Although breast implants generally work well for cosmetic breast augmentation in women who have not undergone mastectomy, inherent problems with their use in breast reconstruction may make this kind of breast replacement a less desirable choice for many women.
Why is there such a difference when both procedures use implants? First, women who have implants placed for cosmetic breast enlargement have natural breast tissue that covers the implants and acts as a protective layer helping to prevent the capsule that invariably forms around an implant from being noticeable. When all of the breast tissue has been removed by mastectomy, only a thin layer of skin remains. The absence of breast tissue after mastectomy can make it more difficult to achieve a natural look and feel using breast implants. Second, since a synthetic implantable prosthesis has a fixed shape and cannot be sculpted, if a woman is having only one breast reconstructed with an implant, it may be difficult to achieve a satisfactory degree of symmetry with the natural breast. It is difficult to match an implant to the shape of the other breast’s natural tissue.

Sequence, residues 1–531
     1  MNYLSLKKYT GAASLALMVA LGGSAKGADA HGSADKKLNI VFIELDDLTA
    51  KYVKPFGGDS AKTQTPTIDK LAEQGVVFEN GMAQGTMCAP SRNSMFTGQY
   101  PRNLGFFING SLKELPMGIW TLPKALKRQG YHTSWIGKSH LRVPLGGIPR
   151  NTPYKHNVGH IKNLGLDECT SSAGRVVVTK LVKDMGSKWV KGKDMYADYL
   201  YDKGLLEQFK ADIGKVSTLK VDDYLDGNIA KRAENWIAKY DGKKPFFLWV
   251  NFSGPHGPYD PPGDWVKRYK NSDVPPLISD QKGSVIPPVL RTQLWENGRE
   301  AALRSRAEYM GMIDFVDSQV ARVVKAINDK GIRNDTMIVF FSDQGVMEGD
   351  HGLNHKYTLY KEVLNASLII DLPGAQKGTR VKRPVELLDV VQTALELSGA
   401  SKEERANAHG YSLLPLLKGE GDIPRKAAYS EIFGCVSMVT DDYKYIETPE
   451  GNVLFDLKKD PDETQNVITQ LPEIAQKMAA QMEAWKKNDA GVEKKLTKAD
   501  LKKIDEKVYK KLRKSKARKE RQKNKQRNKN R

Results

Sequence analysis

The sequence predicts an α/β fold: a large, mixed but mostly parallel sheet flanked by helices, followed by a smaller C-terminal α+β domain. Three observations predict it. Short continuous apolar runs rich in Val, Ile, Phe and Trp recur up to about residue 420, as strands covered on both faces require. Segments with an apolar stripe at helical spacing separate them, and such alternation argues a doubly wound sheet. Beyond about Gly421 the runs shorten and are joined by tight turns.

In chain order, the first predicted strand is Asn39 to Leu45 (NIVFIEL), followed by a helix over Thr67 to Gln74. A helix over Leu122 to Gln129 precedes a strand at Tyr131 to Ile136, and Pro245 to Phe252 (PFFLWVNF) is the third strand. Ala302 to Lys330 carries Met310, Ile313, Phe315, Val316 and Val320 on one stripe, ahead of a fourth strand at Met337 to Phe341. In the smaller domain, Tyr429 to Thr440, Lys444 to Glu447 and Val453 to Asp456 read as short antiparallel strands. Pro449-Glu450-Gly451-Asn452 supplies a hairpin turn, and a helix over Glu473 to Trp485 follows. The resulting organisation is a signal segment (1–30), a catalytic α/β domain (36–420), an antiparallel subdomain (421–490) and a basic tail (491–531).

Although complications and unplanned reoperation also happen after cosmetic breast augmentation, they occur much less frequently than after implant reconstruction.